Depreciation single-handedly makes auto loans the worst debt ever. Losing about 10% of your car’s value the minute you bring it home is certainly insane. If your deposit is less than that, your loan is already upside down. In the first five years of your ownership, time alone can chip away more than half of your vehicle’s worth — regardless of its mileage and accident history.
Car depreciation is a reality; however, not everything you think you know about it is true. You don’t necessarily have to transform yourself into a full-blown auto expert, but it pays to understand a great deal about it, whether you already own a vehicle or are just planning to shop around, according to Blossomchevrolet.com.
For starters, get these falsehoods out of your way:
All Vehicles Depreciate at the Same Rate
Age isn’t the only factor that affects the depreciation rate of vehicles. The reason the concept of depreciation even exists today is that buyers feel differently whenever purchasing a used vehicle. Some are happy to pay top dollar for a certain model, while others are less keen about owning a particular ride.
This is the reason secondhand crossovers are generally more valuable than bona fide SUVs. The former tend to have better fuel efficiency than the latter, which is why you’d find the likes of a used Chevy Equinox in Indianapolis, Milwaukee, and any other U.S. city a little bit costlier than their sports utility wagon counterparts because they promise to save you on gas consumption down the road.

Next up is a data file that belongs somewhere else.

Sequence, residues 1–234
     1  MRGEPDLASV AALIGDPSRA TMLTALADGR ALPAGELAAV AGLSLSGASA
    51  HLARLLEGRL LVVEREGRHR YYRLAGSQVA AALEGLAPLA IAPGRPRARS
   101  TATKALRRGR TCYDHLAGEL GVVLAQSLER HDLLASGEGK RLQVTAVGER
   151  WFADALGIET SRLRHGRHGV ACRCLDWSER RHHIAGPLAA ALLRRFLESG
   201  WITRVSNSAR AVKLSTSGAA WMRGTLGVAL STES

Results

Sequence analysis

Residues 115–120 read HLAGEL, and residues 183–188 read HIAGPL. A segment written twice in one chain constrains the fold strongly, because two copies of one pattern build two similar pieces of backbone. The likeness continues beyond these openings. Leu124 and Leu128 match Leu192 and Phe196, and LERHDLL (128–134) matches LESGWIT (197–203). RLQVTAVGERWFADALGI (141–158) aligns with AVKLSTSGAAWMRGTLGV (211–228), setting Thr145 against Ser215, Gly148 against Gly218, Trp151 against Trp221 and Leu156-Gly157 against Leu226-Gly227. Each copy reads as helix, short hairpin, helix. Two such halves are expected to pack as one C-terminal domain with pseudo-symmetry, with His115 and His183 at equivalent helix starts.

Repairs Restore Market Value 100%
There’s no denying that road collisions can drop the vehicle value profoundly, but repairs can’t erase history. Even if your ride looks again and runs like it used to be, you can’t convince another person to buy it at a price of a similar vehicle that have never been involved in an accident.
The damage is forever done if your vehicle is caught in a crash, value-wise.
Depreciation is Always Worth Considering
Familiarizing yourself with car depreciation concepts is a mark of a smart auto buyer, but such information may not always come into play. It’s good to worry about depreciation if you only plan to keep the vehicle in less than five years because of its future resale value, but it’s less of a factor if you intend to use it over the long haul.
There’s no escaping car depreciation; and with its serious financial implications in mind, your knowledge about it should guide you toward your purchase.